Project Ujjwal

Recognizing a need for improved reproductive health services in India, Project Ujjwal sought to increase demand and access to family planning services.
A woman in Medinipore, India, stands in her marigold field while speaking to a customer on a mobile phone. © 2012 Nimai Chandra Ghosh, Courtesy of Photoshare

Recognizing a need for improved reproductive health services in India, Project Ujjwal sought to increase demand, access and quality of family planning services available in the Indian states of Bihar and Odisha. The two-year program was designed to support the Indian Ministry of Health and Family Welfare’s commitment to improve maternal health and child survival. The Johns Hopkins Center for Communication Programs led efforts to generate demand for family planning services.

CCP reached out to poor, young and socially excluded couples, women and men in hard to reach regions, to help them overcome barriers to uptake of modern contraceptives and connect them to quality health facilities.

Through a 360-degree “surround and engage” approach, a comprehensive social marketing campaign was implemented using a mix of mass media, interpersonal communication and digital health tools. The campaign generated demand for family planning by developing awareness and motivating behavior change and linking young men, women and married couples to a network of Ujjwal Clinics. Relevant information was shared with young couples using a life-stage approach, in which reproductive health and family planning information is tailored to help them overcome their immediate social, cultural and economic barriers. Couples were encouraged to seek information, gain knowledge and choose a suitable, modern contraceptive method such as an intrauterine device (IUD) or an injectable contraception to avoid unintended pregnancy, and learned about spacing pregnancies to achieve desired family size.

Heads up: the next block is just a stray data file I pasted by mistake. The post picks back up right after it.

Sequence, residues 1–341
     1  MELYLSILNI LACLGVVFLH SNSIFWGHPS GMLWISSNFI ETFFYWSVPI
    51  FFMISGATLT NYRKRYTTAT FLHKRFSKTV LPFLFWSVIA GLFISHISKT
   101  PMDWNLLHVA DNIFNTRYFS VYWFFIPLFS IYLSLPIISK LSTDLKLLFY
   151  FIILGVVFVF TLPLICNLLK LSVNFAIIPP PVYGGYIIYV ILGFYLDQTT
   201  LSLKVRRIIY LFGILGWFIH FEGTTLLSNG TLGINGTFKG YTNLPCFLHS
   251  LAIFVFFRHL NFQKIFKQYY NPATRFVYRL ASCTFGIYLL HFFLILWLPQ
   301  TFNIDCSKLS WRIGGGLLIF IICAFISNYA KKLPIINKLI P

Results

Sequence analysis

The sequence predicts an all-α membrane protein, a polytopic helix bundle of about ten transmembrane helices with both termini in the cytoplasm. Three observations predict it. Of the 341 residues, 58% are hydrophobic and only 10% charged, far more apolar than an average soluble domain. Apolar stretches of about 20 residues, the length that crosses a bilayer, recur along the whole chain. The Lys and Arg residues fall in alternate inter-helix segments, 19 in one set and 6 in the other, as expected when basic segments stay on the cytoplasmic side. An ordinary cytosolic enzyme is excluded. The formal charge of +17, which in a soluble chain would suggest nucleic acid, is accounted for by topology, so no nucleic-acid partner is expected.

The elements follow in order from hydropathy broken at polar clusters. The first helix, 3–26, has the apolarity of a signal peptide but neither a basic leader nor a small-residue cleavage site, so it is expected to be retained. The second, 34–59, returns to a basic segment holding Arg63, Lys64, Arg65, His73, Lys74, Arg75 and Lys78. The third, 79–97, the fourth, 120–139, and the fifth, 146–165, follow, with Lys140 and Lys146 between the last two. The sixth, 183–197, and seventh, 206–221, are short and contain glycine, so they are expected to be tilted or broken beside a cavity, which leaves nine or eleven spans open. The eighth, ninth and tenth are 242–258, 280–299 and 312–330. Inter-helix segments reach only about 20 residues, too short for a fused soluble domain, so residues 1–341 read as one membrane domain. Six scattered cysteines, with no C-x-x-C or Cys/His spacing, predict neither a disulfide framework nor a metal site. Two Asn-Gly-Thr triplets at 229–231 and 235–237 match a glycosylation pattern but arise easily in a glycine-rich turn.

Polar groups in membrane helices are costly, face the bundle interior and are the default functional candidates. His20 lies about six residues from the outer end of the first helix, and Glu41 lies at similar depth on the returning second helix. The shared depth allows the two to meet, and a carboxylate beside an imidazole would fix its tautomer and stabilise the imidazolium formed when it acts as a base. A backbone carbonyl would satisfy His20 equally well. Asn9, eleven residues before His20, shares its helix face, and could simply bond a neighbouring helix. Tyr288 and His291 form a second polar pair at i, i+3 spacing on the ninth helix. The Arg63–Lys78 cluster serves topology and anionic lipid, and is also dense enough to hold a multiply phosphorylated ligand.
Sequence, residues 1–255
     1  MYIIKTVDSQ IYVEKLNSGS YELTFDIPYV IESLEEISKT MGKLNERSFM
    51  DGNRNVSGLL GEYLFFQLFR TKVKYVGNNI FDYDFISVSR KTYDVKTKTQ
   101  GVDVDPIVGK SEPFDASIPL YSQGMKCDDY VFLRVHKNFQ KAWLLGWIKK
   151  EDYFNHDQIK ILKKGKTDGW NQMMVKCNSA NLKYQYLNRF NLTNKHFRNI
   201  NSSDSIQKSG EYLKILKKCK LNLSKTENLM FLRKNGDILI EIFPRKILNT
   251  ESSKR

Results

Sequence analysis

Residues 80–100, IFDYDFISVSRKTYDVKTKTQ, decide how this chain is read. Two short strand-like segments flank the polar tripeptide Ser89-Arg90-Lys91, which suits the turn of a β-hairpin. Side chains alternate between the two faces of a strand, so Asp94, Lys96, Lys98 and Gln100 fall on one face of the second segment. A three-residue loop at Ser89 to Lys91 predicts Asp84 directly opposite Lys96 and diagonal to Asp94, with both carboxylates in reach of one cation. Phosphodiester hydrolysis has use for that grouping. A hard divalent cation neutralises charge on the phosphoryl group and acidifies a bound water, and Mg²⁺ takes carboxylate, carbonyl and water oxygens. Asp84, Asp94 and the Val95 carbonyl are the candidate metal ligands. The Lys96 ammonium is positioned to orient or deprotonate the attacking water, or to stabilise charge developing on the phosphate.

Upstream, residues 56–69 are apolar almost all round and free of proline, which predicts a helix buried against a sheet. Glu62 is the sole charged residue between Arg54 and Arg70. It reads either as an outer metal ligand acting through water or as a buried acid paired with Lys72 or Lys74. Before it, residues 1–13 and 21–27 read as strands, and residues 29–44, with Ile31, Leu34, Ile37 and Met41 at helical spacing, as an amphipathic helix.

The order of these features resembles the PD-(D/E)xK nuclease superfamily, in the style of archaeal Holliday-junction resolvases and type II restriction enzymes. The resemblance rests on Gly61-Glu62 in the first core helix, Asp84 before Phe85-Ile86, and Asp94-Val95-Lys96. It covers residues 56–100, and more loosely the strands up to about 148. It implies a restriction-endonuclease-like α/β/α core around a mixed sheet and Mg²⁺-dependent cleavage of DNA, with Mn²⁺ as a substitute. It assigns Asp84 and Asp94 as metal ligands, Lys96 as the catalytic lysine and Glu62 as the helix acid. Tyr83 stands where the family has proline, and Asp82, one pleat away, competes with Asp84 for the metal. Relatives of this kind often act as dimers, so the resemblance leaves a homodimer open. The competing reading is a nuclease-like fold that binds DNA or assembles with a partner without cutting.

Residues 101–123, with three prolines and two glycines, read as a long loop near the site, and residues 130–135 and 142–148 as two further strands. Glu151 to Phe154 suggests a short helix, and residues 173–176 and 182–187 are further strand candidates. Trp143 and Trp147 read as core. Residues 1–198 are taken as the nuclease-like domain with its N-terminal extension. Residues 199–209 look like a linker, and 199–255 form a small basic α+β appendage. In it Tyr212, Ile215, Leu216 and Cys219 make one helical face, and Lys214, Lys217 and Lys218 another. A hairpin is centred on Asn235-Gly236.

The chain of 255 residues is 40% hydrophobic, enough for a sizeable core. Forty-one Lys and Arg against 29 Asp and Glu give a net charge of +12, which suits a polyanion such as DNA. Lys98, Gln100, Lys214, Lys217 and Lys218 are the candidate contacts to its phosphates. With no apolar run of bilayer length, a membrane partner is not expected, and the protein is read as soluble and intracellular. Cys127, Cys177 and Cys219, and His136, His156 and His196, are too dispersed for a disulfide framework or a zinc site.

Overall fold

Among the successes:

  • Developed a branding strategy and established a network of Ujjwal clinics. Branded materials were placed at all clinics, social marketing outlets and in public spaces in both rural and urban areas.
  • Created an android-based mobile application called Gyan Jyoti (“light of knowledge”), which provided community health workers access to persuasive and motivational films for counseling support and self-learning while collecting usage data in real time to provide valuable information to program teams.
  • Implemented 6,800 live and video-based Entertainment-Education shows. The shows reached 1.33 million unique viewers across Bihar and Odisha. Following the shows, the both private and public health facilities saw an increase in use of modern contraception methods.







Implementing Partners:

Palladium (prime); Hindustan Latex Family Planning Promotion Trust; Public Health Foundation of India


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